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Publication numberUS20040109096 A1
Publication typeApplication
Application numberUS 10/310,448
Publication dateJun 10, 2004
Filing dateDec 5, 2002
Priority dateDec 5, 2002
Also published asCN1708984A, EP1568215A2, WO2004054249A2, WO2004054249A3
Publication number10310448, 310448, US 2004/0109096 A1, US 2004/109096 A1, US 20040109096 A1, US 20040109096A1, US 2004109096 A1, US 2004109096A1, US-A1-20040109096, US-A1-2004109096, US2004/0109096A1, US2004/109096A1, US20040109096 A1, US20040109096A1, US2004109096 A1, US2004109096A1
InventorsSteven Anderson, Junkang Liu, Ming Cheng
Original Assignee3M Innovative Properties Company
Export CitationBiBTeX, EndNote, RefMan
External Links: USPTO, USPTO Assignment, Espacenet
Overlay mounting system for display
US 20040109096 A1
Abstract
An optically transparent adhesive article for fastening the rear face of a display overlay to the front face of a display. The article includes first and second adhesive layers and an optional intervening backing layer. The first adhesive layer has sufficiently low tack so that the article is repositionable on the display of the display. The second adhesive layer has sufficient tack and the article has sufficient cohesive strength so that the article is stretch-releasable from the display overlay.
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Claims(46)
We claim:
1. An optically transparent adhesive article for fastening the rear face of a display overlay to the front face of a display, comprising first and second adhesive layers and an optional intervening backing layer wherein the first adhesive layer has sufficiently low tack so that the article is repositionable on the display and the second adhesive layer has sufficient tack and the article has sufficient cohesive strength so that the article is stretch-releasable from the display overlay.
2. An article according to claim 1 wherein the adhesion of the first adhesive layer to a display is less than the adhesion of the second adhesive layer to a display overlay.
3. An article according to claim 1 wherein the first or second adhesive comprises a crosslinked acrylic.
4. An article according to claim 1 wherein the first or second adhesive comprises a silicone.
5. An article according to claim 1 wherein the first or second adhesive comprises a synthetic block copolymer.
6. An article according to claim 1 wherein the first and second adhesives comprise a tackified synthetic block copolymer.
7. An article according to claim 1 wherein the first adhesive is substantially acid- free.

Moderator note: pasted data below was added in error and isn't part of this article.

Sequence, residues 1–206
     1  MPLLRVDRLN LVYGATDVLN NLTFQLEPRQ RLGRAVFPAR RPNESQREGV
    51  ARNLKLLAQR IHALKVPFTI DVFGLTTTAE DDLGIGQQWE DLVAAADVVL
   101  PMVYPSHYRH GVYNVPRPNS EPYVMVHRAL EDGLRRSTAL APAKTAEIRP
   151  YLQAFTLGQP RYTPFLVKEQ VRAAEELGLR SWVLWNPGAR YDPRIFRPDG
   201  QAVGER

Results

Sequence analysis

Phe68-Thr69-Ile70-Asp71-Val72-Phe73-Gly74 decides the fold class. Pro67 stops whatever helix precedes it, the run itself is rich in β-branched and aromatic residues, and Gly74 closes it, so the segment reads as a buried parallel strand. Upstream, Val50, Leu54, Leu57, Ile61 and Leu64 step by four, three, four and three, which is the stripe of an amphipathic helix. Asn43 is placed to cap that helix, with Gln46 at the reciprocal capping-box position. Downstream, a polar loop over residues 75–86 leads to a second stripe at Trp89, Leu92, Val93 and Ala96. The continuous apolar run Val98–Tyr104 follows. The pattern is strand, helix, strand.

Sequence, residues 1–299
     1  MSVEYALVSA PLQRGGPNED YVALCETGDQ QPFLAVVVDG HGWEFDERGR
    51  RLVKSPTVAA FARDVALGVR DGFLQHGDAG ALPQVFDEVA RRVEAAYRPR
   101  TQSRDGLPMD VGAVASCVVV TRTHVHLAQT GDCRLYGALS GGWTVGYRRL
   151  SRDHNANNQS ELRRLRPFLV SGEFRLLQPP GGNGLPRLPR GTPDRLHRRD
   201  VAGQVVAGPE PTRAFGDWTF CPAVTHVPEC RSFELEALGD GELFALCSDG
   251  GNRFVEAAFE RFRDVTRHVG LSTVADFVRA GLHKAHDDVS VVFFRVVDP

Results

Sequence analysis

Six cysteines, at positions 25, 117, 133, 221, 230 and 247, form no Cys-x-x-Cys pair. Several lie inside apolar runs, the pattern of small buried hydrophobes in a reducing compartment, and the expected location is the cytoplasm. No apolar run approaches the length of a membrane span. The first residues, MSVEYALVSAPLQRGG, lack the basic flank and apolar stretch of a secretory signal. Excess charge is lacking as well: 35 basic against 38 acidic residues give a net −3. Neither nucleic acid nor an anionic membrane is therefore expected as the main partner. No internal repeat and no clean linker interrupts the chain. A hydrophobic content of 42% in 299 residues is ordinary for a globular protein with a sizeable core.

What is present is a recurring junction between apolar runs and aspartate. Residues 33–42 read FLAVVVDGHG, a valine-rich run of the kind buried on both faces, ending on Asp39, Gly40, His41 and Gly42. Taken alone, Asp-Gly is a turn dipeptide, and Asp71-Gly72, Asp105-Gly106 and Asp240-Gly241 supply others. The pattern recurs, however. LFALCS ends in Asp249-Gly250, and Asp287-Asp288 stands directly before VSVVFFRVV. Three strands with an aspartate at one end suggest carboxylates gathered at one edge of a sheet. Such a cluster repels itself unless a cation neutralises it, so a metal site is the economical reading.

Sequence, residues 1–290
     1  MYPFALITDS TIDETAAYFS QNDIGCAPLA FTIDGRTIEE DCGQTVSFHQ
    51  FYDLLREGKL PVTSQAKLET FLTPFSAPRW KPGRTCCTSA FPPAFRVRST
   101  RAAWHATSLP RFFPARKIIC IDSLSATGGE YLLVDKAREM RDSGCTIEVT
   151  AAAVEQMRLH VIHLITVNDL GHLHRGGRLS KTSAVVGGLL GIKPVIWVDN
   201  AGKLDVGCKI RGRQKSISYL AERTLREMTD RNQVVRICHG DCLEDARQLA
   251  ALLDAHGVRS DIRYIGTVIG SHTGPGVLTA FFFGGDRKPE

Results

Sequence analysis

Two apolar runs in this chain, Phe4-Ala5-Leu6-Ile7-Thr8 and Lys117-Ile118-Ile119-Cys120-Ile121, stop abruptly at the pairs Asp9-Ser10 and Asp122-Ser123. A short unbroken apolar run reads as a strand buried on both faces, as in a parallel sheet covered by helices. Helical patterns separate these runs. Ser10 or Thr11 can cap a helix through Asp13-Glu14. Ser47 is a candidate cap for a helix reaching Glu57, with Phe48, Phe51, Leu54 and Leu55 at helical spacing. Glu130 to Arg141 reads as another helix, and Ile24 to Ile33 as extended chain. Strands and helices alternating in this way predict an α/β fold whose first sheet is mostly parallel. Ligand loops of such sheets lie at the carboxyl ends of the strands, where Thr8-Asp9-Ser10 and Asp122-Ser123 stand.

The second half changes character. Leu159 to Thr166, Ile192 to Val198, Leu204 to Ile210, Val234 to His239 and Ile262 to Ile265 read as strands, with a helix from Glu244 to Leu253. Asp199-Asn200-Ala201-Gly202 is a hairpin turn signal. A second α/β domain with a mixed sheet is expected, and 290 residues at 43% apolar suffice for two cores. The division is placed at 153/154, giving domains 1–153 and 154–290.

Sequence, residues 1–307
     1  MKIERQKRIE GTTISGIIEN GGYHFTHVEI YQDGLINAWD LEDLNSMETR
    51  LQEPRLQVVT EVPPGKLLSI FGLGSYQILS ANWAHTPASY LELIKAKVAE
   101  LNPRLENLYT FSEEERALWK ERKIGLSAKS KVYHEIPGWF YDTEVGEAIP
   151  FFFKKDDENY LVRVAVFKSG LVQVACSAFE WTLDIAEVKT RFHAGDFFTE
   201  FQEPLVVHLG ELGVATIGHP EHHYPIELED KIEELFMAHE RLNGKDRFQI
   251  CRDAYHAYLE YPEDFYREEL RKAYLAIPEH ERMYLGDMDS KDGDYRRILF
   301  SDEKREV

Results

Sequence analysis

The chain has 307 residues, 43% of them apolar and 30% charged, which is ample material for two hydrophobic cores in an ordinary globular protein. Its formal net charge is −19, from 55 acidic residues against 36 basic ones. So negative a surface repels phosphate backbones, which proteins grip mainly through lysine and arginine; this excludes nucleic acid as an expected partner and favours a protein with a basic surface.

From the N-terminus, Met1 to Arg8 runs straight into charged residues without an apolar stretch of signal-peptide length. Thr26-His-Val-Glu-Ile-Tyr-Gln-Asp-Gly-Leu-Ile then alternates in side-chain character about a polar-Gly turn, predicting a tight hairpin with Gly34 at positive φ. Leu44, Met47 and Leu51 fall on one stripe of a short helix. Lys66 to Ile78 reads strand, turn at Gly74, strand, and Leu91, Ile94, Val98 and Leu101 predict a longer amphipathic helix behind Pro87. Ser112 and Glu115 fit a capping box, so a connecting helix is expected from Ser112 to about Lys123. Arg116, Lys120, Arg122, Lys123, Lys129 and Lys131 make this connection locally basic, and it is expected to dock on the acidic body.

8. An article according to claim 1 wherein both the first and second adhesives are substantially acid-free.
9. An article according to claim 1 comprising a backing layer.
10. An article according to claim 9 wherein the backing layer comprises an uncoated tab portion.
11. An article according to claim 1 wherein the first adhesive can be washed with water to remove minor contaminants from the first adhesive and leave it in a tacky state.
12. An article according to claim 1 further comprising at least one release liner on an adhesive layer.
13. A display overlay having a rear face that can be adhesively fastened to the front face of a display, the rear face having adhesively fastened thereto a plurality of optically transparent adhesive articles comprising first and second adhesive layers and an optional intervening backing layer wherein the first adhesive layer has sufficiently low tack so that the articles are repositionable on the display and the second adhesive layer has sufficient tack and the articles have sufficient cohesive strength so that the articles are stretch-releasable from the display overlay.
14. A display overlay according to claim 13 wherein the adhesion of the first adhesive layer to a display is less than the adhesion of the second adhesive layer to the display overlay.
15. A display overlay according to claim 13 wherein the first or second adhesive comprises a crosslinked acrylic.
16. A display overlay according to claim 13 wherein the first or second adhesive comprises a silicone.
17. A display overlay according to claim 13 wherein the first or second adhesive comprises a synthetic block copolymer.
18. A display overlay according to claim 13 wherein the first and second adhesives comprise a tackified synthetic block copolymer.
19. A display overlay according to claim 13 wherein the first adhesive is substantially acid-free.
20. A display overlay according to claim 13 wherein the first and second adhesives are substantially acid-free.
21. A display overlay according to claim 13 wherein the articles comprise the intervening backing layer.
22. A display overlay according to claim 21 wherein the backing layer comprises an uncoated tab portion.